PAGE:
Art and Leta had five chilren. Wanda was born in 1905, Russell in 1906, and Dale in 1908; all in Tacoma. Tragedy struck the little family on 10 April 10 1913, when Wanda died suddenly. About Wanda, Betty said, "The family had taken a trip back to Missouri for a visit. Although they had no relatives back there, Mother's family had all moved west, they had many friends who they had grown up with and with whom they corresponded all of their lives. On the return trip from Missouri, Wanda became ill on the train. She died shortly after they got home of tubercular meningitis. My mother always told me that Wanda was such a good child; almost too good. I know that Dad worshipped her and he grieved for her for many years. I was never told much about Wanda. I suppose it was because Mother and Dad didn't want to be reminded. Mother did tell me that I took Wanda's place with Dad. There were no other girls in the family; just Wanda and myself."

After Art was transferred to Spokane, Betty was born in 1921, and Bill in 1922. That must have been something of a shock for parents in their forties. Betty and Bill were both born at home, 2924 Standard, in Spokane. Art owned a Model T Ford in Spokane, which they drove in the summer. Art "put it up on blocks" in the winter and they rode the street car. Art had a big garden and Leta kept chickens. He was an avid fisherman.

In 1931, they returned to Tacoma and bought a house at 4332 South Bell Street, where they lived for many years. During World War II, Betty bought the house next door to them. When the war was over, Betty and Ray built a house at 8418 East B Street, next door to her brother Bill and his wife, Frankie. So Art bought the lot next door to Betty and built a one bedroom retirement home for them. Their address was 8422 East B Street.

The house had a long hallway that was covered with snapshots of family and loved ones. Their kitchen was yelllow and contained a large, black wood stove that made the best toast in the world. Leta also had a wringer washer machine in her small laundry room off the kitchen. They still kept chickens and they had a large vegetable garden. A bulletin board next to the back door contained sayings and clippings of items of interest. One poem, in particular, always caught my attention. It said--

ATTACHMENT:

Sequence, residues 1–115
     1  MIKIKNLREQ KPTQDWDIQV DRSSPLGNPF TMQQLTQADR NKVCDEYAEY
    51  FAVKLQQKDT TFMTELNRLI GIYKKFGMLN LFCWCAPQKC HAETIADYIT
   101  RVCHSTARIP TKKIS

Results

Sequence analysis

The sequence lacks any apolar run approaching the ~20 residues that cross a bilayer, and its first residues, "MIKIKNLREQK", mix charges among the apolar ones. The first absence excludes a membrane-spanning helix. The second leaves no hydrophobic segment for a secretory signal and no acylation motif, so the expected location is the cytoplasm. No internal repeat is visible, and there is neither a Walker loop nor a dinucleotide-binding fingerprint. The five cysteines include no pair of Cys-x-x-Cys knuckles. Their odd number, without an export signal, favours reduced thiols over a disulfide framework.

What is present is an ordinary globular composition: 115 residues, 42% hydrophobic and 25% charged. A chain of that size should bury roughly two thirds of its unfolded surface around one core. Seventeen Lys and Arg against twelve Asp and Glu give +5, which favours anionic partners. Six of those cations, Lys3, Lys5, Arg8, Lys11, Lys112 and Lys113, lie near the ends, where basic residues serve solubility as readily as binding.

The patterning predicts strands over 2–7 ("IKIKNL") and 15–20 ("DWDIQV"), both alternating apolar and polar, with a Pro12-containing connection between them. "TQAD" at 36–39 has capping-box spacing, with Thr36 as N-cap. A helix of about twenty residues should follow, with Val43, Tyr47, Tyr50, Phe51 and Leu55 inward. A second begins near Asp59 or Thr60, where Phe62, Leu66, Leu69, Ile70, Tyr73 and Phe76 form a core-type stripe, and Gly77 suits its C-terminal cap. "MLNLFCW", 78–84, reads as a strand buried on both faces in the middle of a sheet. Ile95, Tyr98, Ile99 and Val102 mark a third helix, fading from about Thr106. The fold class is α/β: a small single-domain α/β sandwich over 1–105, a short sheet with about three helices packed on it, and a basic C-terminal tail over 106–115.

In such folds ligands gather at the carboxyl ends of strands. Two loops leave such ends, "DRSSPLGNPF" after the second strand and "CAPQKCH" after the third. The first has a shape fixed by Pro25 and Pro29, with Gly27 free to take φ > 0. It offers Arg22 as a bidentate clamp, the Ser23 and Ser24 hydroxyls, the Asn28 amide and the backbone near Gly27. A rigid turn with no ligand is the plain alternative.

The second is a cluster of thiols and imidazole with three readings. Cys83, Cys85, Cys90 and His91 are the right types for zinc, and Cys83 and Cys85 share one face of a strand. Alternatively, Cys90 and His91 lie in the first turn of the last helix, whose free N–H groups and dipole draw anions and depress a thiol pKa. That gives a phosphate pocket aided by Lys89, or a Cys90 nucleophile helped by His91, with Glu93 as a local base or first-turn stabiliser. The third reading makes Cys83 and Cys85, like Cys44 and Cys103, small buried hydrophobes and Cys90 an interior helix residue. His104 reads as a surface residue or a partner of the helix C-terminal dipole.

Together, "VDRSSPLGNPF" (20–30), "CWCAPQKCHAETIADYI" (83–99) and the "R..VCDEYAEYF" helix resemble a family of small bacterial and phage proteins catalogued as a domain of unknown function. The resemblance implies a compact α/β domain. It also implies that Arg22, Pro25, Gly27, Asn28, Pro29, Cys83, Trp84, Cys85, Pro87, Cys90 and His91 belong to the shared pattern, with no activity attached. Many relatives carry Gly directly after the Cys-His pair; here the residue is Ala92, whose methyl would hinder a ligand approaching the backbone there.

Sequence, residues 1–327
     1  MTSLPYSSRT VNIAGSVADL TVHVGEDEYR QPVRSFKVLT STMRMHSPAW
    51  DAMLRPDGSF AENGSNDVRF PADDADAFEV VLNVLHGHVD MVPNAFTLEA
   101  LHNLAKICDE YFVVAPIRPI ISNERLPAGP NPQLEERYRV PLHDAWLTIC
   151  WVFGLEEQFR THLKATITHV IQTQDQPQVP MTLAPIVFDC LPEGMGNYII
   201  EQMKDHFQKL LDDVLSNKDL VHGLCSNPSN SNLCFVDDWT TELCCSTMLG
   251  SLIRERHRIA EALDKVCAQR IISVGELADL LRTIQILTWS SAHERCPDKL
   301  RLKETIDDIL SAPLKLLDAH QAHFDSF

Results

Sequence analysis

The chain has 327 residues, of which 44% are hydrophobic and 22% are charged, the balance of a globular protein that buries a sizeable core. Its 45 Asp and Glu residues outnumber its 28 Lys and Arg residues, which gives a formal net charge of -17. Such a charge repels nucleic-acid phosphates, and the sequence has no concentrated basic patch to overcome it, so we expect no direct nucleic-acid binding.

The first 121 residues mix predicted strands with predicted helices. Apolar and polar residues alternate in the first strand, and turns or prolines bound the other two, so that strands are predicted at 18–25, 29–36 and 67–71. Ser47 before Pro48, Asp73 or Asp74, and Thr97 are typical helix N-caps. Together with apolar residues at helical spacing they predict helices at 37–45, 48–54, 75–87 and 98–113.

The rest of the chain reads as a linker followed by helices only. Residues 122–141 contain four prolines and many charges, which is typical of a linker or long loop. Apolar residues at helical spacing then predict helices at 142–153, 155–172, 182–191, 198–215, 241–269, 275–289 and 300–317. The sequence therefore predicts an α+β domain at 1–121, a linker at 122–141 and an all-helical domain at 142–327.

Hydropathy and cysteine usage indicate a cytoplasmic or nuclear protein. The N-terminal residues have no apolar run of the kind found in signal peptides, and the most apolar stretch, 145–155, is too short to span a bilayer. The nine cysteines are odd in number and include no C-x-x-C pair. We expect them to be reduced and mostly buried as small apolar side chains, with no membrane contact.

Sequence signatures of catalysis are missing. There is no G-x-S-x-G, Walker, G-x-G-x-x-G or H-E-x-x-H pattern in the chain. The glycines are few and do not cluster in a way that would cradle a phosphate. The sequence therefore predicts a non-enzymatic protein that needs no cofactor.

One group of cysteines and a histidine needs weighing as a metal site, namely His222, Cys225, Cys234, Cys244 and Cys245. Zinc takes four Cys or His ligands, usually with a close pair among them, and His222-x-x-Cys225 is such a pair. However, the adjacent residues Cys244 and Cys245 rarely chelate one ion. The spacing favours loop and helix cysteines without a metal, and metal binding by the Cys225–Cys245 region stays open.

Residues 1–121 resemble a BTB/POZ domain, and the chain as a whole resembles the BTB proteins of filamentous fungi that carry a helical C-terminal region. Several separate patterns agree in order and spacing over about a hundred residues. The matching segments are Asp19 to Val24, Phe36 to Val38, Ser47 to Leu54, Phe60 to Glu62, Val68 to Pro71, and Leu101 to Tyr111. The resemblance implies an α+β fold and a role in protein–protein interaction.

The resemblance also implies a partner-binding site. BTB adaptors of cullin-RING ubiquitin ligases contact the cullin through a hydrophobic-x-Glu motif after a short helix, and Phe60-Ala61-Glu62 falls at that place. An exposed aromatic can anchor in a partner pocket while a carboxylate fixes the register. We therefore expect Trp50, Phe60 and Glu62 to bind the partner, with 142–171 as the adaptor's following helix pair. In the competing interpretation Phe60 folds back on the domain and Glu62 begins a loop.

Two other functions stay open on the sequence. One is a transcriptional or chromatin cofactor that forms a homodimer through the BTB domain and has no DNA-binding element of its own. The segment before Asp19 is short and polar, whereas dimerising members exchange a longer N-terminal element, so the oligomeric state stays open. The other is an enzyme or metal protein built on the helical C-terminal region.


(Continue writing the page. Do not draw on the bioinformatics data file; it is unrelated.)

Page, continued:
It doesn't do to do much talkin',
When you're mad enough to choke.
For the word that hits the hardest,
Is the word that's never spoke.
Let the other fella do the talkin',
'Till the storm has rolled away.
Then he'll do a heap a thinkin',
'Bout the things you didn't say.

In their later years, Art sat in his rocking chair with his feet up, pipe in his mouth, hat on his head, listening to the radio. He enjoyed baseball. The picture over his rocker was a needlepoint Russell made for their 50th wedding anniversary of their family tree with their children and grandchildren represented on the branches of the tree. Leta sat in her little rocking chair and did embroidery or made crocheted rugs from old clothing. Art wasn't much for going places, but Leta had her social outings and rode the bus since they did not own a car. Every afternoon he would get up from his chair and walk to the mail box for the mail. And that was as far as he went.

On 20 April 1954, Art and Leta celebrated their Fiftieth Wedding Anniversary. All of their family gathered together to honor them at a reception held at the Plymouth Congregational Church where the family attended church together.

Art's most singular trait was that he was a quiet man. His daughter, Betty said that if he didn't like something you never knew it because he didn't say. He had a little sign next to his chair that said, "Ve get too soon oldt undt too late schmart." As his granddaughter, I remember drinking buttermilk with him. It's how I learned to love buttermilk. On birthdays my mother would purchase two cans of pipe tobacco, one of Velvet and one of Granger, which he mixed together. That was what we always got him.

When he was old, the doctor told him to quit smoking, so he did. He started eating potato chips and chocolates. Then they told him to give those up too. I always thought he died because there just wasn't anything left he could do. I thought it would not have hurt to let him enjoy his candy and chips.

Art died on February 24, 1967. He was eighty-seven years old.